In March, Burlington High School hosted the New England 1:1 summit. This event brought together over 350 teachers, superintendents, IT administrators and some parents. One of the highlights of the day was our student panel. The panel was comprised of eight Burlington High School students, ranging from freshmen to seniors, who led an interactive session with the audience. Our students did a great job answering questions, but I was particularly moved by response from one student. The questioner asked, "How do you refrain from the obvious distractions that the iPad presents while in class?" The student took the mic and answered, "Distractions are nothing new in the classroom, however, why don't teachers take the tools that distract us and turn them into learning tools?"
Everyone is on Twitter these days, so why not your school district? Twitter provides an easy platform to keep your followers updated -- moment by moment, if necessary! -- about developing situations, sudden brainstorms and calls to action. Following are 12 reasons to get your school district tweeting this summer so that you can hit the ground running at the start of the next school year.
We often pontificate about the "haves" and the "have-nots" in our schools -- the unfair way that schools are funded, the ways in which some of our students are robbed of opportunity while others are awash in it.
What we don't reflect on enough is how some educators are connected to the global community, emerging trends and research, and larger conversations around reform and the direction of global education in general -- and how so many other educators are simply not tapped into that world.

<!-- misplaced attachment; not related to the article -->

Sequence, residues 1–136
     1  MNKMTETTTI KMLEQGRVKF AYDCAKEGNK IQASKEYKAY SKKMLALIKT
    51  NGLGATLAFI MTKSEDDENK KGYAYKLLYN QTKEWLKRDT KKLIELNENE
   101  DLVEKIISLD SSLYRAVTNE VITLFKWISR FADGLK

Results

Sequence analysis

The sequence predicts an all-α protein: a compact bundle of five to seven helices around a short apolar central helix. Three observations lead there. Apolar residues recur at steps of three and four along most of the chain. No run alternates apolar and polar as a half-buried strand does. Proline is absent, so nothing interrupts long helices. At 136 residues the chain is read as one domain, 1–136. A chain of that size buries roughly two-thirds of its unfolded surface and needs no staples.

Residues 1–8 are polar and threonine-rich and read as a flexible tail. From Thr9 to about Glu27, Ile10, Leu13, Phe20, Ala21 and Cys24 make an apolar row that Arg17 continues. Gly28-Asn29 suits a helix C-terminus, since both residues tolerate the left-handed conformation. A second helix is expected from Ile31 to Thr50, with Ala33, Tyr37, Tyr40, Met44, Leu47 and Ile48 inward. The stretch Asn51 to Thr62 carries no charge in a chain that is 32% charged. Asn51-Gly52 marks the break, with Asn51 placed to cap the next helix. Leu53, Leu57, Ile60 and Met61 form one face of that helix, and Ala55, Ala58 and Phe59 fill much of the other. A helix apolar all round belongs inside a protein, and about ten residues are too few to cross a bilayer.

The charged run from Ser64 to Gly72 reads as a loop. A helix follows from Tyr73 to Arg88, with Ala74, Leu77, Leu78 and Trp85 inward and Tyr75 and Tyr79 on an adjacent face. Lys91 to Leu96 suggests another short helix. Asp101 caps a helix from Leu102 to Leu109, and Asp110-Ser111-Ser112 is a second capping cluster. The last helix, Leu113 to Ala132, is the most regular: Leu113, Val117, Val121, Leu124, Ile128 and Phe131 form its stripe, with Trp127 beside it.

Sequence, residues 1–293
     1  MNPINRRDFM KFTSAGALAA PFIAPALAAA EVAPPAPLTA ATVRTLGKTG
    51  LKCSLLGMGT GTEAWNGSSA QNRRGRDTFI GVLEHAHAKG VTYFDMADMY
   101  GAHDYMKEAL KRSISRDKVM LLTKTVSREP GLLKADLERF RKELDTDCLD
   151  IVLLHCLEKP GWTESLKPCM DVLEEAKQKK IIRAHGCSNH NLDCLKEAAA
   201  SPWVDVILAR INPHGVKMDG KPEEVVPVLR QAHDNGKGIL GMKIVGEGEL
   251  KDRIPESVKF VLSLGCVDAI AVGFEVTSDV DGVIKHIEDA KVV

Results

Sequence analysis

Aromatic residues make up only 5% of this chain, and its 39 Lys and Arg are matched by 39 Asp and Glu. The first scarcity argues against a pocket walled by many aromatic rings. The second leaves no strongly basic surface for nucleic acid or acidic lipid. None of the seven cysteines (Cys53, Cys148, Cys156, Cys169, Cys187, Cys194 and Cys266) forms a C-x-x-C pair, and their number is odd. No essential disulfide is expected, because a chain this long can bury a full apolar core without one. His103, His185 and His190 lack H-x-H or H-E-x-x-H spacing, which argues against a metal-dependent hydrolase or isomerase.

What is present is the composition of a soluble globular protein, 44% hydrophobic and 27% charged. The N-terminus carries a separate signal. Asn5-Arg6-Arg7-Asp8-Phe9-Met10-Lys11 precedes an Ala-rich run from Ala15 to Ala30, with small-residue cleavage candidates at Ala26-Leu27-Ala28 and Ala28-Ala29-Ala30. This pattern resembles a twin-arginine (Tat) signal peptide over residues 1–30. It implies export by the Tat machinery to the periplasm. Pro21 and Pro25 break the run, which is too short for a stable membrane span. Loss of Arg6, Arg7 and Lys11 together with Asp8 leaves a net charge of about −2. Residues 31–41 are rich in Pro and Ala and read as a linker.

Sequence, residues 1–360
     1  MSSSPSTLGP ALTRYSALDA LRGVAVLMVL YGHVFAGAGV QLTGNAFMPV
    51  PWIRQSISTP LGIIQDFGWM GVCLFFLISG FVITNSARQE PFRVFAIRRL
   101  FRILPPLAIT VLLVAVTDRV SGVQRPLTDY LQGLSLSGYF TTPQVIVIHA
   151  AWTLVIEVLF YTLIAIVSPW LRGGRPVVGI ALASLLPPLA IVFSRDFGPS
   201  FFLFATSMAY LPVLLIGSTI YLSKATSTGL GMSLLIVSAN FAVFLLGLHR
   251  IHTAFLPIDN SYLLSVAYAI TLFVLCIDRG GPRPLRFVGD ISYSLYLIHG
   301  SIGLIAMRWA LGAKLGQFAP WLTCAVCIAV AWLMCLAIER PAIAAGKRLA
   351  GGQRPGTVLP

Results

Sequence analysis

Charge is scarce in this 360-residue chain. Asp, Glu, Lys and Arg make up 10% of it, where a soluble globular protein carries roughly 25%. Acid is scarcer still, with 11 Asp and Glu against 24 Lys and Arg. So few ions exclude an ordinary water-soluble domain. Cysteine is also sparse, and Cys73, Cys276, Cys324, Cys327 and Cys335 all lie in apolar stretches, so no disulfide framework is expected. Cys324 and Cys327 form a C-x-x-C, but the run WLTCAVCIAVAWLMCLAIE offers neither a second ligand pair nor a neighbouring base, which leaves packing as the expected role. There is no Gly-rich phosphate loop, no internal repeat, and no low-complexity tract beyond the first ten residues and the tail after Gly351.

As more and more people join the world of Twitter (460,000 signups per day), school parents and teachers are more commonplace on this global social media tool. According to a recent Pew Internet Study, 84% of all Twitter users are between the ages of 18-49. Why is this important to school officials? The age range includes the majority of our school parents.
"Parenting is not for the faint of heart," novelist Harlan Coben writes. Let's face it, parenting is really hard, especially when parents feel that "a vast and frightening Internet culture is hijacking their kids," as New York psychologist Ron Taffel notes.
Protégé of Plato and instructor to Alexander the Great, Aristotle was the archetypal learner-teacher whose contribution to modern writers were three rhetorical proofs: pathos, ethos and logos. When combined with 21st century communication platforms, Aristotle's proofs shower rocket fuel on rhetorical efficacy. Using these rhetorical pillars, students can analyze how texts persuade and how unpersuasive texts can be reconfigured.
Recently, I have had students discover my @TheNerdyTeacher Twitter account and follow me. It usually only lasts a few days before they unfollow me -- a few days of my flooding their feed with blog posts, education news and Edutopia articles. The big question I get from kids is, "Why don't you follow me back?"
This post was co-authored with Elizabeth Alderton, Assistant Professor at the University of Wisconsin Oshkosh.
We have all done it: "participated" in a face-to-face discussion, nodding along in agreement, but not really present. Many of us have sat in discussions, afraid to throw in our two cents because we might sound silly. On other occasions, we have had a fantastic idea to share, but the conversation passed by before we had a chance to contribute.